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DECEMBER 21, 2007    

Observing the Fall Equinox

Wind turbine in front of Great Lakes Science CenterAfter dropping off a job at the client's around noon I decided to take advantage of the relatively warm and sunny day and walk around downtown a bit. I was on West 6th near Lakeside, so I walked east toward Browns Stadium and the Great Lakes Science Center.

I enjoy watching the wind turbine in front of the Science Center—makes me feel like maybe we will eventually start to use the wind as a power source.

Since the Amtrak station is in the same area I decided to stop at the station and pick up a national route map and info on rail passes in case my sabbatical application is approved for next year. If so, I'll travel by train as much as possible, especially the longer distances like LA, Portland, and Vancouver.

The new deal is that you buy a joint US/Canada pass that has to include at least one segment in each country. So while I'm in the Portland area, why not head up to Vancouver, then maybe back across Canada, taking me through Banff, one of the most spectacular sections of the Rockies.

So after getting a handful of schedules and price information from the train station I walked across the highway to the base of the turbine.

Sign on wind turbineThe blue sign on the tower explained that at solar noon on the Fall equinox the shadow would line up with the concrete "shadow" in the grass. It was 11 a.m., so I decided fate wanted me to see if it really happened.

With close to an hour to go, I walked up East 9th to the Galleria, browsed there a bit, bought a hot dog and strolled back out onto 9th street to see a clock that showed noon exactly. Church bells were chiming too.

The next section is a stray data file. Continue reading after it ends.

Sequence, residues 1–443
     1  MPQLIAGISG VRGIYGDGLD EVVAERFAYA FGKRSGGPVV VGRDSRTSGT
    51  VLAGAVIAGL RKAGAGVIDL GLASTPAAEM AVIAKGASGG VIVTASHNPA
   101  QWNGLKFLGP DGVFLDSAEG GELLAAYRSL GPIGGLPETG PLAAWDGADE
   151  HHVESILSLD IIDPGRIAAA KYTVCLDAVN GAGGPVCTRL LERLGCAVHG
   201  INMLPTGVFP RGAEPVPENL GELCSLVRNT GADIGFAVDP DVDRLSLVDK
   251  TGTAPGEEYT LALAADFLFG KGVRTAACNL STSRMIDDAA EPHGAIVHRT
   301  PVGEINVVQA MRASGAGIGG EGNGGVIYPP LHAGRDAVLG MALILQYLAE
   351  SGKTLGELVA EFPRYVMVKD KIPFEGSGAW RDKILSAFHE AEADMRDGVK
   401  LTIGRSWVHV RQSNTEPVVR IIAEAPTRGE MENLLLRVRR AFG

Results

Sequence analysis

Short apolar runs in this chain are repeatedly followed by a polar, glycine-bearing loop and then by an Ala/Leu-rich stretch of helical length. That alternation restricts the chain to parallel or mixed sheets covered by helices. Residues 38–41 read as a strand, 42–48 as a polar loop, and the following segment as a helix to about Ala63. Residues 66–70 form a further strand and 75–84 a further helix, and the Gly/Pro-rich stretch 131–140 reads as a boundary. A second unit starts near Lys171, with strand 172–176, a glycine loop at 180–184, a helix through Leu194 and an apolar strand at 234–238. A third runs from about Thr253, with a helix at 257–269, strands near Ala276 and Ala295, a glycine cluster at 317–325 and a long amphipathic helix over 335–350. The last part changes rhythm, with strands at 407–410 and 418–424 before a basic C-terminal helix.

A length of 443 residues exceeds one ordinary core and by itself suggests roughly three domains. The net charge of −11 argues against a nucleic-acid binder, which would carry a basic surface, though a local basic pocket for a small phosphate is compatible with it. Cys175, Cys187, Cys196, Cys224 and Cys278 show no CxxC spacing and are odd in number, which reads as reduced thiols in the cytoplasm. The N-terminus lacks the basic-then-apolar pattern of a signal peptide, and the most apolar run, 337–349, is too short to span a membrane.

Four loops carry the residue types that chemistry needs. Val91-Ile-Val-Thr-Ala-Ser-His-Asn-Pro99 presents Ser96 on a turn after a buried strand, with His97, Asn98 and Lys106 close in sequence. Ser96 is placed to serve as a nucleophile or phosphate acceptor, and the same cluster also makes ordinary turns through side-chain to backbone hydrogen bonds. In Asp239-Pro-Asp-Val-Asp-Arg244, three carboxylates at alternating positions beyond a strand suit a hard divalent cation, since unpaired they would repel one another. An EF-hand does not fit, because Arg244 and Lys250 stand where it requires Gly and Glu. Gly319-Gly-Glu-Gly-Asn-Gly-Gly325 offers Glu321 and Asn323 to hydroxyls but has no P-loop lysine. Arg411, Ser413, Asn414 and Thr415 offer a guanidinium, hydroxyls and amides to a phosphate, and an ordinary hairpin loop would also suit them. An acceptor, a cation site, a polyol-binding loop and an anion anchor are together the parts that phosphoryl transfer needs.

So despite the barely digested hot dog bouncing around in my stomach I jogged down the street, across the parking lot behind City Hall, down the stairs to the stadium and up the road to the turbine. The shadow didn't quite line up. Damn.

I read the sign more closely, though, and found that solar noon was to arrive at 12:19 pm, so I got the camera out and waited. Then the sun went behind the clouds. Fortunately, though, at 12:19 it brightened up enough to see the shadow.

You can see that its right edge is exactly on the concrete strip even though the real shadow is wider than the one in the grass. The artists chose to foreshorten their version so that the turbine blades fit on the grass. In actuality the shadow of the blades is being cast on the building, straight ahead on the lower part of the wall.

We're looking true north here.

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